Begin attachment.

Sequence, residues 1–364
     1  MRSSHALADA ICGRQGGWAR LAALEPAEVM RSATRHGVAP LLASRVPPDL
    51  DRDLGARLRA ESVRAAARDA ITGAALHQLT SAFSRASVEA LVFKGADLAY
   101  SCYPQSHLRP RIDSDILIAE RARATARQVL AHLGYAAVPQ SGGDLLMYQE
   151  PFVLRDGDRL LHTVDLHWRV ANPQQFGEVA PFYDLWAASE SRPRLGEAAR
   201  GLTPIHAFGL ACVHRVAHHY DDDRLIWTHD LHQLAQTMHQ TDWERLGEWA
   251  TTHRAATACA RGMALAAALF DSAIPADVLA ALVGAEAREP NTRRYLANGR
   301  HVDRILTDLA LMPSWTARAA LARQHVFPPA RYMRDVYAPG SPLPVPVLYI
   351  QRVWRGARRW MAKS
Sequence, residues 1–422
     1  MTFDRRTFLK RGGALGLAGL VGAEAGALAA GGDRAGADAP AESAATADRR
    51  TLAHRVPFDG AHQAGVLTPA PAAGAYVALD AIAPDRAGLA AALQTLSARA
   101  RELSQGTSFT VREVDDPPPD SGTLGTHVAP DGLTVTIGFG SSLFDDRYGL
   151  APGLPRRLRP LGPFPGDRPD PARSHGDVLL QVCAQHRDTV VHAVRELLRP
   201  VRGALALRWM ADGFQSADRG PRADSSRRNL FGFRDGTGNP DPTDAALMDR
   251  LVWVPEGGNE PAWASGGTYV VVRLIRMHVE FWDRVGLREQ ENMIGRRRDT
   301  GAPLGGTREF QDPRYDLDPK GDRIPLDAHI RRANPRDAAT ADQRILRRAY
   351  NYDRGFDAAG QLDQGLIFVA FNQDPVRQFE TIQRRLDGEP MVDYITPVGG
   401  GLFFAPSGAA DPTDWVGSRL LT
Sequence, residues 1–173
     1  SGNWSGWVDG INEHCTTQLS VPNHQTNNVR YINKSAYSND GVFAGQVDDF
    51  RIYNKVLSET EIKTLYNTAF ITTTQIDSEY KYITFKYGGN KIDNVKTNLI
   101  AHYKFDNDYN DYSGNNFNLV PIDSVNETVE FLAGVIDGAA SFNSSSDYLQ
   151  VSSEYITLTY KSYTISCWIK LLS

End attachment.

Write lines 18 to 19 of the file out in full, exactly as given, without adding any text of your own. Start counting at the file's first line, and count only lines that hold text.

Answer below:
   351  NYDRGFDAAG QLDQGLIFVA FNQDPVRQFE TIQRRLDGEP MVDYITPVGG
   401  GLFFAPSGAA DPTDWVGSRL LT